The ensemble sound was good; the parts were solid (Musical Director Vivienne Ellis), though, I will admit, it was extremely disappointing to see The Shadows mime playing their instruments as we listened to backing tracks, rather than enjoy a live band play on stage. Apparently, finding musicians who’ll give up their weekend gigs for the love of community theatre is proving just as difficult as it has always been. I guess I’ll have to keep putting off our plans to stage The Existents!

There were some great dance sequences throughout (Choreography Mandy Masterson) and it was good to see so many boys dancing confidently and competently. Whilst the look of the show is a little underdone, in terms of staging and managing people (particularly in the busy ensemble scenes and the transitions between them), the pace a little lacklustre and only the slightest attempt made to create genuine characters and relationships (luckily, the characters are written pretty thinly), overall, this is a terribly penned show done pretty well! Really! The book is terrible! And you thought Summer Holiday was corny?!

Actually, I’m pretty sure my mum (and we kids) always loved this film and what’s more, I’m pretty sure she still has a major crush on Sir Cliff! Despite its flaws, just like the original film was able to do, this show had us smiling and clapping along. I was pleased to observe that most of the matinee audience enjoyed it too (incidentally, the houses have been great, averaging 150 per performance, which must be a reflection of a number of factors, which Coolum Theatre Players have addressed recently, in order to pick up the ball again). Had the cast given us a whole lot more energy, I’m sure we would have been up and dancing too, to hits such as Livin’ Doll and Do You Wanna Dance? Unfortunately, there has been some illness and just like in any community theatre group, these are ordinary people, who can’t take time off to recover while the understudy steps in. Everybody involved in community theatre either works or studies and the theatrical ventures must fit into their already busy lives.

This is a group with enormous potential in its midst and I’m glad to see the community supporting them by attending in droves. The Young Ones is not a show that will challenge you on any level but you will, quite simply, be entertained by fresh, new, young, enthusiastic performers who have found, in Coolum Theatre Players, a stepping stone that will lead, for a good number of them, to a more serious playing field…if that is what they seek. If not, then may they continue having fun and meeting new friends in colourful musical productions that are genuinely appreciated by local audiences. All sorts. So many reasons. There is certainly a place for fun, entertaining theatre that brings new people to the stage and new audiences through the doors.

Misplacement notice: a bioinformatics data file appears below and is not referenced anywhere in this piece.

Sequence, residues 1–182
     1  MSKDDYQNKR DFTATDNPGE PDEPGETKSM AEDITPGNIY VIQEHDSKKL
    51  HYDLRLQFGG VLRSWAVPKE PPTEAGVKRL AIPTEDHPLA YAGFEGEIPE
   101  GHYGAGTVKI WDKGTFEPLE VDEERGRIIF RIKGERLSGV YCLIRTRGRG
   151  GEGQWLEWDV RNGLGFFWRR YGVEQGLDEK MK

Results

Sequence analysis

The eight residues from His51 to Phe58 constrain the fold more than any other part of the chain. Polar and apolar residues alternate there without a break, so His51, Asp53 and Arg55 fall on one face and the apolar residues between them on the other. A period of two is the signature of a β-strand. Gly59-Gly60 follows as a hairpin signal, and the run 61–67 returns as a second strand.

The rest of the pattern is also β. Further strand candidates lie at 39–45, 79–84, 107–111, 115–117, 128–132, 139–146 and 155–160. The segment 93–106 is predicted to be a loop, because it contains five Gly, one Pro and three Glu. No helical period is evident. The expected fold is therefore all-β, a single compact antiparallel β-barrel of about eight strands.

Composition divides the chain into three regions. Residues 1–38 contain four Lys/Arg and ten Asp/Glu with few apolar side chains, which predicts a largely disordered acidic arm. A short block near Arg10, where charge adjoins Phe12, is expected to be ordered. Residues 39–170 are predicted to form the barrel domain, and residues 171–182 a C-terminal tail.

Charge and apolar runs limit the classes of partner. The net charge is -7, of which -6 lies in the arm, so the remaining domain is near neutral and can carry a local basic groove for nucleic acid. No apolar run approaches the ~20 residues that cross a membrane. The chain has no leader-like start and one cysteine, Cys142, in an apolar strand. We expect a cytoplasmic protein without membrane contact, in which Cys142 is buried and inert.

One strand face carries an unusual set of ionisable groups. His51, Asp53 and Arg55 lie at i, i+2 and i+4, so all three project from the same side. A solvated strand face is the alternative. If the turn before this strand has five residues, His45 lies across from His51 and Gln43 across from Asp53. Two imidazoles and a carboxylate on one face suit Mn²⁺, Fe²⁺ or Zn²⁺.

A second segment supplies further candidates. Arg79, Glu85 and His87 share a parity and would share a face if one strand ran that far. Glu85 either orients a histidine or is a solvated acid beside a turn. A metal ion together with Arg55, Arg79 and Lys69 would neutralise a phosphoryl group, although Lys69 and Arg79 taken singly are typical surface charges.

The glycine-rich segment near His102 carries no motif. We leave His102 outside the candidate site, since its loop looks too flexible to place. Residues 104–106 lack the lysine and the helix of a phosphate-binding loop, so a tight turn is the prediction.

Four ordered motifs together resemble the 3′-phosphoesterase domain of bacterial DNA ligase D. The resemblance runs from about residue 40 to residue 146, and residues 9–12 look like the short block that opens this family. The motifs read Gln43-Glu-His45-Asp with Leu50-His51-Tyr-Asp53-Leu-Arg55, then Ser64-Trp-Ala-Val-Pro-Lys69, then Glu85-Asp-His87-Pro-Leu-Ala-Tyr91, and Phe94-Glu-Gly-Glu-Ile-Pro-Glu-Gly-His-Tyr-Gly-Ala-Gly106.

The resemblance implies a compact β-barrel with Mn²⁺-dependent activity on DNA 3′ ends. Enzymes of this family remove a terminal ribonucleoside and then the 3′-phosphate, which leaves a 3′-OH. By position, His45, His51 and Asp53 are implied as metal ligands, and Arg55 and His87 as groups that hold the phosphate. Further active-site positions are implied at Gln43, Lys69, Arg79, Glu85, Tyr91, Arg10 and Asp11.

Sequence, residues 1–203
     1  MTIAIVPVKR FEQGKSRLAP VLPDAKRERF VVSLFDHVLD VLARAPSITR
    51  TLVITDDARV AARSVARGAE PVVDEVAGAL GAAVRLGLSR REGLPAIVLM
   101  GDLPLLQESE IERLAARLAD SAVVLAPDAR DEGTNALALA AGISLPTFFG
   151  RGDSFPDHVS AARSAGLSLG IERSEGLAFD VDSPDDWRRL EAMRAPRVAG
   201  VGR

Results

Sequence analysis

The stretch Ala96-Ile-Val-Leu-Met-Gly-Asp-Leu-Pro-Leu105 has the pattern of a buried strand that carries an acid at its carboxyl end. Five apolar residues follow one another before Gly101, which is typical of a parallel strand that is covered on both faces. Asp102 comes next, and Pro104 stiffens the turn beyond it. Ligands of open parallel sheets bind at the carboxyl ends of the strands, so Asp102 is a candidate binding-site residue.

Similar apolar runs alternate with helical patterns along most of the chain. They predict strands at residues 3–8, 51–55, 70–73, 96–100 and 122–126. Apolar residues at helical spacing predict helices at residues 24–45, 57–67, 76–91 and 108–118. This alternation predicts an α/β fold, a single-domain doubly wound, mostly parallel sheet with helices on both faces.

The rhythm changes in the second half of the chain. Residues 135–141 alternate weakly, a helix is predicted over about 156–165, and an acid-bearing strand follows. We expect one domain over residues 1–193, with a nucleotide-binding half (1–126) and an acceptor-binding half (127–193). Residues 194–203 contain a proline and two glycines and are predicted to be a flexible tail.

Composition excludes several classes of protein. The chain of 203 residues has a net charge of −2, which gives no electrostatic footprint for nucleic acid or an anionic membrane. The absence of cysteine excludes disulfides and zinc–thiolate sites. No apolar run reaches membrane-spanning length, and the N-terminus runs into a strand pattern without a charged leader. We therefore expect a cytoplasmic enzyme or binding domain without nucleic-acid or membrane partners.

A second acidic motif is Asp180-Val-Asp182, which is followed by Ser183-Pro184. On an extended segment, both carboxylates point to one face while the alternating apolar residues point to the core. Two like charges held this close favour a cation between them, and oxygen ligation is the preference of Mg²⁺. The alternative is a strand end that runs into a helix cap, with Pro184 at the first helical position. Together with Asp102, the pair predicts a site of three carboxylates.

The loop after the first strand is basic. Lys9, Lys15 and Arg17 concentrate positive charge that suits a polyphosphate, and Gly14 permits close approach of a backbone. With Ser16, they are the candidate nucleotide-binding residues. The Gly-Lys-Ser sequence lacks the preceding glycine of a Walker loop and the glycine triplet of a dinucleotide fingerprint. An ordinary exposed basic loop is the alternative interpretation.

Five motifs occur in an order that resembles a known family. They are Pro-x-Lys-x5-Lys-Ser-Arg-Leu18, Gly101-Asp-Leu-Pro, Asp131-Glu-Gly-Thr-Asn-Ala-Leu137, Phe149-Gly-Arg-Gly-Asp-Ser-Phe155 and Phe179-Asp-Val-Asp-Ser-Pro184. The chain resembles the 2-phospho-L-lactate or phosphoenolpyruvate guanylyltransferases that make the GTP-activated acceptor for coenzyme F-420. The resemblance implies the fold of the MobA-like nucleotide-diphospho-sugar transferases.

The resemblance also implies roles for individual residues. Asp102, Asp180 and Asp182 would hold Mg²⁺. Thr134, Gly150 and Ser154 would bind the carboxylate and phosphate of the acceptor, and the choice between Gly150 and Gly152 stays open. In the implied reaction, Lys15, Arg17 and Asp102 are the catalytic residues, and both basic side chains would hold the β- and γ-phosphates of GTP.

There is also a place for the more ambitious performing artists to continuously work on developing their skills and their repertoire if that is what they desire…currently, that place is not Lind Lane Theatre. Without going into the petty politics, which unfortunately seem rife in community theatre (and in any community group, sure), this production of The Last 5 Years was never going to work. Well, let’s qualify that because I – unlike others I know – was prepared to give these guys the benefit of the doubt.

If Jason Robert Brown had written The Last 5 Years as a one-man show, it might have worked superbly, due to the hard work and talent of Rowan Howard. However, as a two-hander, this production hasn’t been given a chance; as opposed to the inspired casting of Howard, a newcomer to Lind Lane Theatre, the role of Cathy is the result of completely misguided casting. And therein lays the penultimate problem of this production. I’m sorry to say I predicted it and I was desperately hoping, even up to the first strains of the opening song, that I would be proved wrong. Sadly – for all involved – during the first 16 bars we had already realised that we were in for a long night. In a much-loved, highly anticipated one-act musical! Seriously, it’s one of my favourite shows ever; how dare they get it so wrong! What we have in this production is the result of a self-indulgent decision made by slightly deluded committee members and in that, a missed opportunity and a real shame for at least one of the directors, who had good intentions from the outset…as well as some notion of what it is to be a director. Further to that, if you insist on staging JRB in a community context, do the man the courtesy of practising those songs on that piano until your fingers BLEED.

I look forward to seeing what Co-Director, Russell Morgan, chooses to get involved with after this experience and also, what Howard decides to tackle next, after giving us a convincing portrayal of Jamie Wellerstein. His renditions of Moving Too Fast, A Miracle Would Happen and Nobody Needs to Know showed us that he is a perceptive and intelligent performer with a much broader scope than one would have imagined. There are many more performers like him, who (unlike him) are all too familiar with the recent history (and histrionics) and will wait for the changing of the guard before setting foot in that lovely little theatre space again. What a great loss for so many theatre enthusiasts on the Sunshine Coast.

I look forward to seeing what they – and other community theatre groups – have programmed for 2012, at the inaugural Sunshine Coast Theatre Alliance Season Launch Soiree! That’s right! How excitement! Details to come…